When discussing the pros and cons of fame, Ross says, “We had to get used to it. It was uncomfortable at first. I guess you like the attention because you’re putting a lot of time into what you’re doing. You want people to care about it and it’s one of those things that comes along with it. You just try not to let yourself think you’re greater than you are or let yourself think you’re as great as some people tell you, you are.” He pauses, then cites the Beatles to make another point. “It’s kind of funny. Like in ‘A Hard Days Night,’ there’s that scene where the lady comes up to him (John Lennon) and she’s like, ‘Hey you’re that guy from that band,” he goes ‘No, I’m not. I don’t even look like him. You look like him more than I do,” I feel like that sometimes, you know?”

Urie smiles cautiously and talks about their fans – the good, the bad, and the ugly. “I think if there’s any weird fan interaction it’s because I make it weird,” he says, laughing. Tongue firmly in cheek, he continues, “I think I might make people feel awkward, you know, cause I’m bumbly and awkward and kinda’ klutzy. If I’m reaching for the pen to sign something (for a fan) I’ll drop it.”

Ross laughs. “We had a Halloween show a few years ago. Somebody dressed up like me and they were standing in front of me for the whole show. It was this girl and she goes, ‘Ryan!’” And I looked at her and I was just like, this is so Twilight Zone!”

Although he may be the idol of thousands of young girls Ross gets a tad uncomfortable when talking about situations when fans get a little freaky. “I’ve had some things left on the doorstep at my house before I moved. People find your address or your phone number and they’ll call you. One time they took a bunch of rocks from my front yard and spelled ‘We Heart Ryan’ or something like that. That’s nice but that’s probably weird that you did that while I was sleeping.”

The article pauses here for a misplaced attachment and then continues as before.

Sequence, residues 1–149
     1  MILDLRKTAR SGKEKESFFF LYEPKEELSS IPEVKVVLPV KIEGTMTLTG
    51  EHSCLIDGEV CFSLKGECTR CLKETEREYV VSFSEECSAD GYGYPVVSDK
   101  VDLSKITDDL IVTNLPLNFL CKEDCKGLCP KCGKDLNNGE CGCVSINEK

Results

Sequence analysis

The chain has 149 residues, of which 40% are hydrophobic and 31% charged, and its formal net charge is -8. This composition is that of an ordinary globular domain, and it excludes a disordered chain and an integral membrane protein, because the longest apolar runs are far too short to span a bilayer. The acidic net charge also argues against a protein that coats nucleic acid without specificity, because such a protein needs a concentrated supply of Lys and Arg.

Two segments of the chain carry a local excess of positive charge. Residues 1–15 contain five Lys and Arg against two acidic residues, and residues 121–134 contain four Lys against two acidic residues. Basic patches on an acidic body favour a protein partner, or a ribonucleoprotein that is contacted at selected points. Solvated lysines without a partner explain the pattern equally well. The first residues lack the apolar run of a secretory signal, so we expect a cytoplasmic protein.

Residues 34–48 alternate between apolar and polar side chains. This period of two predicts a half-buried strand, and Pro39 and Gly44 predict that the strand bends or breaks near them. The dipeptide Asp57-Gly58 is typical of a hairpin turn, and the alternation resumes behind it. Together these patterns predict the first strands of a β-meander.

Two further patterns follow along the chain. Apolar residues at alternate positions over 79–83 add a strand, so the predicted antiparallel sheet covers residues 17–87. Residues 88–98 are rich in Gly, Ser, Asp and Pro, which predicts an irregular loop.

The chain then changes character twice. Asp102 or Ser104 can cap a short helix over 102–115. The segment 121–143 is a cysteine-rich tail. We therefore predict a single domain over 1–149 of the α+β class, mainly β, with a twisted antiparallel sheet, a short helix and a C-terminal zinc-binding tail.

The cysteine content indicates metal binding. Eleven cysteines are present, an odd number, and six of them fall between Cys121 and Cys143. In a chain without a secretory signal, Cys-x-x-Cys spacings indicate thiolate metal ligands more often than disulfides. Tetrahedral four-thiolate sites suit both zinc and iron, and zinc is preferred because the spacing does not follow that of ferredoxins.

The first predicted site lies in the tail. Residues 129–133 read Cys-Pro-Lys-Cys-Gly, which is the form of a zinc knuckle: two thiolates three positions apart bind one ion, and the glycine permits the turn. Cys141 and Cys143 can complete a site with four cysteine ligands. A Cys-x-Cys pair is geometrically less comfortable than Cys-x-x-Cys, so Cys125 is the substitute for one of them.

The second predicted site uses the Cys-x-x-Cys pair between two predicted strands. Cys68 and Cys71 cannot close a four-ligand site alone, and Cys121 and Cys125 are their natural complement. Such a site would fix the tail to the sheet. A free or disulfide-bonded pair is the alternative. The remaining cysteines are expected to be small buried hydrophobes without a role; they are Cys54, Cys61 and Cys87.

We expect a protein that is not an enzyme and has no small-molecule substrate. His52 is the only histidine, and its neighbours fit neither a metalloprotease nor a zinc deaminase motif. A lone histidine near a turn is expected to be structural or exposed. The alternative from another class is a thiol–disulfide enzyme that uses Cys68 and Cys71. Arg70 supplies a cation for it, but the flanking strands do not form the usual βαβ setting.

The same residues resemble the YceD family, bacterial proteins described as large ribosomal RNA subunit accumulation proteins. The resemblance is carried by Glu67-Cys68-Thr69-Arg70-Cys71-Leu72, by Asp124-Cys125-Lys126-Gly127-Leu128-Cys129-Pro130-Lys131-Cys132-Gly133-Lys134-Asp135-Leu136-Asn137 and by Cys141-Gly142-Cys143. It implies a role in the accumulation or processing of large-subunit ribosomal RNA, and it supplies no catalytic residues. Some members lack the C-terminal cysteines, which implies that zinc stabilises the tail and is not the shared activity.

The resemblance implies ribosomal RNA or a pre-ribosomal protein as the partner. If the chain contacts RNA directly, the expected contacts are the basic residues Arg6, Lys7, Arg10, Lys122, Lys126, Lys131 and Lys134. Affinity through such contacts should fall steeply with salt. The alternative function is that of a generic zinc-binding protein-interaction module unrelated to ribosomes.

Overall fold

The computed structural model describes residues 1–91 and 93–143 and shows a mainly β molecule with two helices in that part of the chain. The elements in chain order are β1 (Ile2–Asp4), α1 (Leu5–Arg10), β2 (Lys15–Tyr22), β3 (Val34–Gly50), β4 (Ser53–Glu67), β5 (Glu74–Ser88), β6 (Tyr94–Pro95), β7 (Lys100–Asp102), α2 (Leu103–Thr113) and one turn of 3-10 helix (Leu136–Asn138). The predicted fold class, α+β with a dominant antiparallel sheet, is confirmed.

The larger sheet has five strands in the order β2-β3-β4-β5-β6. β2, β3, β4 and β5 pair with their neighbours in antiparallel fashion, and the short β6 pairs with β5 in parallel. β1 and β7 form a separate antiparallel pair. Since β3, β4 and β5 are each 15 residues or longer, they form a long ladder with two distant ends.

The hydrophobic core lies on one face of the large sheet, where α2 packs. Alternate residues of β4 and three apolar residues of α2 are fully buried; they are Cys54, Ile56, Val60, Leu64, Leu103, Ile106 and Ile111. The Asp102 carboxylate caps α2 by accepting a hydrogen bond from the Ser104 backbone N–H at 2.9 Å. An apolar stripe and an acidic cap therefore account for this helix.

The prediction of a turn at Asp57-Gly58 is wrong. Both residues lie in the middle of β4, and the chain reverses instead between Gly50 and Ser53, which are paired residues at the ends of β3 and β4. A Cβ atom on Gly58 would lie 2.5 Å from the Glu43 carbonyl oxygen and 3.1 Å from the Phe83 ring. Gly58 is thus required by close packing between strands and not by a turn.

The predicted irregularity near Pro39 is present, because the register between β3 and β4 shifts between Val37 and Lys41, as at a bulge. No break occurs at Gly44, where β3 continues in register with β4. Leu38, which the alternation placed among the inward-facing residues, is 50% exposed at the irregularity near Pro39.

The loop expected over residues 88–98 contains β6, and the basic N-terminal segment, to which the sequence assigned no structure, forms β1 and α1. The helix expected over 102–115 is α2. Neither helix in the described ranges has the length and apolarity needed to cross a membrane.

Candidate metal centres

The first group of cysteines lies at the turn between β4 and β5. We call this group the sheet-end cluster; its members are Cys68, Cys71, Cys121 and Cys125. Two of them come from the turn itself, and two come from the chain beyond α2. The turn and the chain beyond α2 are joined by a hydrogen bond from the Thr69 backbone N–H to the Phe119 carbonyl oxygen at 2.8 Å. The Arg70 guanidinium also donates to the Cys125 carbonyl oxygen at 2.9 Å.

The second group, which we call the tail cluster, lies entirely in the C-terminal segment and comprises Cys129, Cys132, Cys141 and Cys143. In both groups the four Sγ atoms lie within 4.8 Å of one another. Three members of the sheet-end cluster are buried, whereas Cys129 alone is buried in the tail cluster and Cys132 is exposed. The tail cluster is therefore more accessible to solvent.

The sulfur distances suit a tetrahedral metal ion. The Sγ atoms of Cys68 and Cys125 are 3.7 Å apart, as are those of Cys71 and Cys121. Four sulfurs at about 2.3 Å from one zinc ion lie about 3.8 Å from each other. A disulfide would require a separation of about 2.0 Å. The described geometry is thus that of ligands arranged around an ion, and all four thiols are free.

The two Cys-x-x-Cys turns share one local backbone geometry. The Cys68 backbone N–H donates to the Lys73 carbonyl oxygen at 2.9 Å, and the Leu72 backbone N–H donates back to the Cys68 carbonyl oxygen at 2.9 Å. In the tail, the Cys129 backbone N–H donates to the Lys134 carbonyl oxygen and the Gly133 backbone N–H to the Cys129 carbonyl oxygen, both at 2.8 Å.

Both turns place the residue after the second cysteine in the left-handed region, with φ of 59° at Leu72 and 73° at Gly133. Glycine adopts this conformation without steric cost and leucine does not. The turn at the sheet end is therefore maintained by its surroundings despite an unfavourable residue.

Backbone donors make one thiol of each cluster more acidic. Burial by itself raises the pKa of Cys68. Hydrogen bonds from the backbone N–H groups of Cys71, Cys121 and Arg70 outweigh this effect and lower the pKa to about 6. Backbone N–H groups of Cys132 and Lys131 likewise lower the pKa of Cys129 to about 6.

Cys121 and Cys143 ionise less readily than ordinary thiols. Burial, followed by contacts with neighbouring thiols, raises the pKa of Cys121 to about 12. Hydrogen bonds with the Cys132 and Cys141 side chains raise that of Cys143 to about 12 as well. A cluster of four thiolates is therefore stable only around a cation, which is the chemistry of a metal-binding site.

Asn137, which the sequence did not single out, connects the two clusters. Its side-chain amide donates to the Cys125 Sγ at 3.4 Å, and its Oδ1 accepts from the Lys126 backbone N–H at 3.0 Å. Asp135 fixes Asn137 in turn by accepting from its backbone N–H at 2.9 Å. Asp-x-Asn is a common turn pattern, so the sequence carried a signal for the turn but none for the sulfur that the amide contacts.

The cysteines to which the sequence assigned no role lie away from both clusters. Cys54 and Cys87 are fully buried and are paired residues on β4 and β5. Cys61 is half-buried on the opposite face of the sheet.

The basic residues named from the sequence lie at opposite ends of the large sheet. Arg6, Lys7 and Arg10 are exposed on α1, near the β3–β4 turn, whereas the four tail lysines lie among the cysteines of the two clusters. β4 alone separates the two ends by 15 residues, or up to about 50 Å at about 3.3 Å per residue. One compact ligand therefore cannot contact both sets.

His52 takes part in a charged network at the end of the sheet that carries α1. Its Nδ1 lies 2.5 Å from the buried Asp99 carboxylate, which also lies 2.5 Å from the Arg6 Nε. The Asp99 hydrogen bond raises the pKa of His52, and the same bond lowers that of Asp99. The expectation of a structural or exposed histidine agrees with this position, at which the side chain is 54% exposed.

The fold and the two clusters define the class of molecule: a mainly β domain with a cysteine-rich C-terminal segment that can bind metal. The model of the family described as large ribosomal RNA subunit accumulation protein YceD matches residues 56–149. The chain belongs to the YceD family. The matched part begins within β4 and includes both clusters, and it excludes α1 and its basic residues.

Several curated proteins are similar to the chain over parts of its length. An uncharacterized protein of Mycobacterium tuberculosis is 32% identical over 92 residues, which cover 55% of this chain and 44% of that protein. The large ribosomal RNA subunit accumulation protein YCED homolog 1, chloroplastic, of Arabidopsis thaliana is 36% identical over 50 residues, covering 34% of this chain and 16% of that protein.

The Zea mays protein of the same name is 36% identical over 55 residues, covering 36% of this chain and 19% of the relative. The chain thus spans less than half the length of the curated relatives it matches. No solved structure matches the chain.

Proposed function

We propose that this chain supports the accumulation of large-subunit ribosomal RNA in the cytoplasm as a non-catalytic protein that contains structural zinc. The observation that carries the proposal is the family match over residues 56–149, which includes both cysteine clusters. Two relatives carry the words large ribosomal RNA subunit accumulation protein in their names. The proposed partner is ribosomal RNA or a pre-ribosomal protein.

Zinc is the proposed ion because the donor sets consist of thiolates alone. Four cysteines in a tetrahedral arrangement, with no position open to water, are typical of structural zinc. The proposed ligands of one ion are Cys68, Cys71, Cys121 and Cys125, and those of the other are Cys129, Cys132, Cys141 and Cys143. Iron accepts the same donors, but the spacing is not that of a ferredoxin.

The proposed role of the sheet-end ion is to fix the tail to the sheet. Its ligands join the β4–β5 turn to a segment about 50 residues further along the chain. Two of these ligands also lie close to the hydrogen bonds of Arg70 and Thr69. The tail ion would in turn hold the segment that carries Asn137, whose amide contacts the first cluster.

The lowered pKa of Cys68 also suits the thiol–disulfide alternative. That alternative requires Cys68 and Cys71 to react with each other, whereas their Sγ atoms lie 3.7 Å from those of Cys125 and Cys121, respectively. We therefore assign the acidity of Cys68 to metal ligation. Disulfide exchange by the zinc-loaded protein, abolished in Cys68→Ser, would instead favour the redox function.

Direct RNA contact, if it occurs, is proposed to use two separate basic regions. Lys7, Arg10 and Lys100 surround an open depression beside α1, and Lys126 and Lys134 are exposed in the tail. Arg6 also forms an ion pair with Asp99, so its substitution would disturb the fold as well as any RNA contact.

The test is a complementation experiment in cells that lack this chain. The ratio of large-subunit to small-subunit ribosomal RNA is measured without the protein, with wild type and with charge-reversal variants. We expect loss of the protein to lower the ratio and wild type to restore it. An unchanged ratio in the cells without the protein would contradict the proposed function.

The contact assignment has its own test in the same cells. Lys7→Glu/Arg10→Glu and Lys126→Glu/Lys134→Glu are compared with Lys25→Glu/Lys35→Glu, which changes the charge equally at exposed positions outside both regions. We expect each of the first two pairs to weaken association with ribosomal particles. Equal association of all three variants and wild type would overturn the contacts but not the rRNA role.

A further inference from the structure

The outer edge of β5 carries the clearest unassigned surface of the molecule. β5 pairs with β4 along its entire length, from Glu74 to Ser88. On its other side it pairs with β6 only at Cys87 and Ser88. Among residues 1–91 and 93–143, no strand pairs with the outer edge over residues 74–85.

The fans are less frenetic in their approach with Urie. “I’ve been fortunate. I’m pretty much under the radar. People are pretty polite. I haven’t had many bad experiences. Any time I go out, if I do happen to get recognised, people are like, ‘Hi, I really like your band, can I get a picture?’ and it’s pretty much as simple as that,” he says. “It’s flattering and we never expected to get close to where we’re at but we’ don’t put much thought into it. We just do our thing.”

The band is looking forward to touring Australia. Says Ross, “Australia was probably our favourite trip. It’s a beautiful country. The people are nice and we were able to experience a little bit of the culture which we don’t normally get to do.”

For now, Panic At The Disco are riding the wave of success. They have managed to keep their feet on the ground and don’t want to be treated as ’the next big deal.’ Urie sums it up, “We’re glad that people like us. We got very lucky. We were very fortunate to fall into our dream job but it’s not going to change us as people.”

The single 'Nine In The Afternoon’ is out now through Warner Music.
The album ‘Pretty. Odd’ is also out now.